‘Outlander’ Recap/Review: Episode 701, “A Life Well Lost” (Season Premiere)

[This is not a spoiler-free review of the episode. If you have not seen the episode yet, read it at your own spoiler risk.]

Episode 701: “A Life Well Lost”

Written By Danielle Berrow, Directed by Lisa Clarke

Outlander returns to the small screen for its seventh season after its sixth season finale on May 1, 2022.  That is over a year of Droughtlander, but this kind of break between seasons is normal for Outlander fans, even if they complain about it (rightly so).

The seventh season premiere jumps right back into the fray where the season six finale left off.  There is no time jump because the sixth season was cut short due to the pandemic and Caitriona Balfe’s pregnancy.  These first episodes of season seven are basically a continuation of season six.

Once again, we have the episode split into two different storylines; Jamie (Sam Heughan) and Claire (Caitriona Balfe) in Wilmington and Roger (Richard Rankin) and Brianna (Sophie Skelton) in a reverend’s boot camp of such.

The episode begins with a bang, as we see Claire Fraser hung in Wilmington.  Her eyes focus on Richard Brown (Chris Larkin) just before being pushed off the gallows.  We hear her neck break and then black…It is actually Jamie contemplating a future that he is running against time to prevent.  He heads to Wilmington with Ian (John Bell).

In reality, Claire is just being left by Tom Christie (Mark Lewis Jones) in the Wilmington women’s jail, right where we left her in season six.  A wrench is thrown into the plans for Jamie to save her when Claire is taken to a ship to tend to the North Carolina Governor Martin’s pregnant wife.  The original surgeon had left to tend to troops around Ft. Johnston.  With Claire being on this ship and not permitted to leave, she is basically in another jail; this one’s just on water.

In Claire’s discussions with the Governor (Eugene O’Hare), it becomes evident that she will be stuck on this ship for a while and that the Governor knows she’s a “murderess.”  Due to the unrest in the colonies, he has to settle for a criminal healer for his wife.  Claire is surprised when Major MacDonald (Robin Laing) suddenly appears to tell the Governor that they have lost Ft. Johnston.  My favorite scene in the episode is when Claire and MacDonald recognize each other awkwardly.  It is through MacDonald that the Governor that Claire Fraser is that Fraser, Jamie’s wife, the man who gave up his Indian Agent post and has leanings towards supporting the rebellion.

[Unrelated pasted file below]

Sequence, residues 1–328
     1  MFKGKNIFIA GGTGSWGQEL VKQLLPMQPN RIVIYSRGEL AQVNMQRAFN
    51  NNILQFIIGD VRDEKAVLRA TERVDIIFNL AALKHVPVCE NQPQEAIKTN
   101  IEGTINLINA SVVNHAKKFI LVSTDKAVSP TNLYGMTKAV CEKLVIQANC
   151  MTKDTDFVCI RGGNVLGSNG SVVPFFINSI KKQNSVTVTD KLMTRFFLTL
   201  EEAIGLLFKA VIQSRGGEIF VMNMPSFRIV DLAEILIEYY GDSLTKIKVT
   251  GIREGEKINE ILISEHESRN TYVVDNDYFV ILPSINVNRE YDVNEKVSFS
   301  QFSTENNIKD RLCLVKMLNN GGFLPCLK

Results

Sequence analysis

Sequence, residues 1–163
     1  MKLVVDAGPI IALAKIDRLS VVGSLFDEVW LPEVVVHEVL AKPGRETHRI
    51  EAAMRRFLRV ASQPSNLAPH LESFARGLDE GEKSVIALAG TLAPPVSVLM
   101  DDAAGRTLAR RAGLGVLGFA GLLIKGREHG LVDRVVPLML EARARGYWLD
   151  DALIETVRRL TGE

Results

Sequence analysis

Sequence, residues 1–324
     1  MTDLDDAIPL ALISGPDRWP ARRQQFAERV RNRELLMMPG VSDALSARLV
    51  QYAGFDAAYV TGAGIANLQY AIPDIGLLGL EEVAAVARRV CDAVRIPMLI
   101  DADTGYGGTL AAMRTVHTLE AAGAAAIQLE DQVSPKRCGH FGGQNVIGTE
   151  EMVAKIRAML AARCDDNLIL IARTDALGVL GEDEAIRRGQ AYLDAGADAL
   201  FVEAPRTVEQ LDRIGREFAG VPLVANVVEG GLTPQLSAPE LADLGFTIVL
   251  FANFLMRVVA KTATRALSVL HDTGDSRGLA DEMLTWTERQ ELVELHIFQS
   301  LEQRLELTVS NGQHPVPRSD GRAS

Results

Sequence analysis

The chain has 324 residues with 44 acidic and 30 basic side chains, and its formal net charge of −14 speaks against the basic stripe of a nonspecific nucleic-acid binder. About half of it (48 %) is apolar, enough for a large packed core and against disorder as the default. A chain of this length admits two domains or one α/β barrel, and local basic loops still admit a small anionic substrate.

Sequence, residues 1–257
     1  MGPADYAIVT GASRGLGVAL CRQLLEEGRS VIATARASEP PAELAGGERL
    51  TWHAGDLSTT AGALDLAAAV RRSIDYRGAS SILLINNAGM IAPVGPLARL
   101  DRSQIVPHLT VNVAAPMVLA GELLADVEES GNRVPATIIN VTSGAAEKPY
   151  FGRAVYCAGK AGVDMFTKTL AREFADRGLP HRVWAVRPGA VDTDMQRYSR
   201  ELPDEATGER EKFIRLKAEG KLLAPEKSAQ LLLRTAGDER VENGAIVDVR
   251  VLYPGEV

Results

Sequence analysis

Through Tom Christie, Jamie is able to locate his wife and manages to board the ship she is on due to his past relationship with the former Governor, Lord John Grey, and his former post as an Indian Agent.  They are reunited for the first time since they were ripped apart on the way to Wilmington, and Jamie was almost taken to Scotland.   While this is a happy reunion, it is short-lived as Jamie does not have enough persuasion with the Governor due to his aforementioned troubles with the Crown.  He is told that the Governor will let Claire go if he joins Major MacDonald with 200 men.

Forced to leave Claire behind, Jamie heads back to land to think of another plan.  He meets a drunk Tom Christie, an unusual state for such a pious man.  He speaks with Jamie and has decided to confess to Malva’s murder to save Claire.  Although Jamie thinks the man is daft for doing such a thing, Tom explains his motives for sacrificing himself.  The reasons themselves are honorable.  He was never a leader or revered like Jamie by his fellow men.  He was never looked to for help or advice.  He also loves Claire, which can be seen plainly on his face, even while talking to her husband.